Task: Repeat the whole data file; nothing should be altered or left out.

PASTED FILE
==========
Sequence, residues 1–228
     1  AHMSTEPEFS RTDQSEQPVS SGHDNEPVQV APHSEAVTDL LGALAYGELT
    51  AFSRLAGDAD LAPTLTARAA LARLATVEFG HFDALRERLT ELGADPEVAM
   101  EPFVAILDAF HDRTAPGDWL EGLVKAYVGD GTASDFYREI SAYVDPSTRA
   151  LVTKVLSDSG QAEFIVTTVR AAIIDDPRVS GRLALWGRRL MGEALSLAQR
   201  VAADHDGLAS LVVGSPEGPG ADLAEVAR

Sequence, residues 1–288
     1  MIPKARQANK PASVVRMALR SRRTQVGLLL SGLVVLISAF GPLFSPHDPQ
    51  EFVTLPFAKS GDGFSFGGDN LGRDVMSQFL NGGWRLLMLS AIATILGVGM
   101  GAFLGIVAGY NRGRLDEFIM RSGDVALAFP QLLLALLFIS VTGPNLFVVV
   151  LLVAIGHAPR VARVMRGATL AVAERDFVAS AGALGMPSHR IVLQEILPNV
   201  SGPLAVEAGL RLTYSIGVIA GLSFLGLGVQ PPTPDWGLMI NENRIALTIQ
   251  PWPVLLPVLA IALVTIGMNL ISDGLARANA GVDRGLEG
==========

Sequence, residues 1–228
     1  AHMSTEPEFS RTDQSEQPVS SGHDNEPVQV APHSEAVTDL LGALAYGELT
    51  AFSRLAGDAD LAPTLTARAA LARLATVEFG HFDALRERLT ELGADPEVAM
   101  EPFVAILDAF HDRTAPGDWL EGLVKAYVGD GTASDFYREI SAYVDPSTRA
   151  LVTKVLSDSG QAEFIVTTVR AAIIDDPRVS GRLALWGRRL MGEALSLAQR
   201  VAADHDGLAS LVVGSPEGPG ADLAEVAR

Sequence, residues 1–288
     1  MIPKARQANK PASVVRMALR SRRTQVGLLL SGLVVLISAF GPLFSPHDPQ
    51  EFVTLPFAKS GDGFSFGGDN LGRDVMSQFL NGGWRLLMLS AIATILGVGM
   101  GAFLGIVAGY NRGRLDEFIM RSGDVALAFP QLLLALLFIS VTGPNLFVVV
   151  LLVAIGHAPR VARVMRGATL AVAERDFVAS AGALGMPSHR IVLQEILPNV
   201  SGPLAVEAGL RLTYSIGVIA GLSFLGLGVQ PPTPDWGLMI NENRIALTIQ
   251  PWPVLLPVLA IALVTIGMNL ISDGLARANA GVDRGLEG